stinger at pine.circa.ufl.edu
Sat Feb 1 16:11:36 EST 1992
Ref article 2480 by Julian Bourne.
Yes there is a standard code for taxonomic classification. Several
in fact. The problem is that it changes depending on which group
you are working with. For example, the standard taxon order is
Division, Class, Order, Family, Genus, Species for plants but with
animals "Division" is replaced with "Phylum". There is always a
proposal at the International Botanical Congress to adopt "Phylum"
in Plants but it never passes. Remember that this is the short form
and there are many, many intercalary levels such as all of the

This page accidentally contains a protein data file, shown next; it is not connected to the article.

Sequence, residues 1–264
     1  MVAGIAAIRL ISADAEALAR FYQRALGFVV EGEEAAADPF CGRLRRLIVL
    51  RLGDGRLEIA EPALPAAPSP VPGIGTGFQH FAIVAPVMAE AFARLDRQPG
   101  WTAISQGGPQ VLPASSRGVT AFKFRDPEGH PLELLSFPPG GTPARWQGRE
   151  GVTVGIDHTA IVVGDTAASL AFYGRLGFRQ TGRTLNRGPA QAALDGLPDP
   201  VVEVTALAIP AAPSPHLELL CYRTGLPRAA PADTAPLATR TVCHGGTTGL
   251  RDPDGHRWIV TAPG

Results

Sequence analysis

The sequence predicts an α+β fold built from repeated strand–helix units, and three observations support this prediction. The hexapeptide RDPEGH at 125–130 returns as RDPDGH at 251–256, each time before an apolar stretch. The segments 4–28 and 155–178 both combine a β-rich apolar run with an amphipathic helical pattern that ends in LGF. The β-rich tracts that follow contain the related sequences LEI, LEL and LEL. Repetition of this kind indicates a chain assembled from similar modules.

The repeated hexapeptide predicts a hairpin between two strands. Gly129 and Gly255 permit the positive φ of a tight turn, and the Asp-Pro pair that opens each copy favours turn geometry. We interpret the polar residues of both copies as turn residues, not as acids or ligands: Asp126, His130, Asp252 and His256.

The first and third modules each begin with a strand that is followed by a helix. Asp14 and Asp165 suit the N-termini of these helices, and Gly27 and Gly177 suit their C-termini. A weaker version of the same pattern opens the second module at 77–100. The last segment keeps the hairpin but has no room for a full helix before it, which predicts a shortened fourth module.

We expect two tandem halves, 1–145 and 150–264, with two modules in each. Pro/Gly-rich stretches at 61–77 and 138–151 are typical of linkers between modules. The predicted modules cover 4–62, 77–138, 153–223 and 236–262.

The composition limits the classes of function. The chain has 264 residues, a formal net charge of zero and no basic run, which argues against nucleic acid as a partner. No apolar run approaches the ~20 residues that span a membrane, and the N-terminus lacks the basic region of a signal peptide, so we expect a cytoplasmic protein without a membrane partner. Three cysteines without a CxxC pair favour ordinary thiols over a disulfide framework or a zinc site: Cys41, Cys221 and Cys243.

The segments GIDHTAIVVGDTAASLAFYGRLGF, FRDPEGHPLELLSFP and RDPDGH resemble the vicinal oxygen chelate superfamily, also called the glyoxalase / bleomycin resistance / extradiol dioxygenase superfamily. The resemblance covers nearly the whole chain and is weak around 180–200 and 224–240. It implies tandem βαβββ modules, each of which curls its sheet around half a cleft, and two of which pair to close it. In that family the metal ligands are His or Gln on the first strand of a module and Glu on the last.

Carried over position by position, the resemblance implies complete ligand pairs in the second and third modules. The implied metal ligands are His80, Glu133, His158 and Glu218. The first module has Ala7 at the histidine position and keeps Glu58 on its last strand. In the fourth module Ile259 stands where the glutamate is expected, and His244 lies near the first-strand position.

"subs" and "supers" (ie. subfamily) and also completely discrete
ones such as Tribe and Variety. You might consult the latest
version of THE INTERNATIONAL CODE OF BOTANICAL NOMENCLATURE which
will be revised at the quadannual meeting in Tokyo this year, or
the zoological equivalent. I hope that I got to the jist of your
question, but if not I'll be happy to correspond on the subject.
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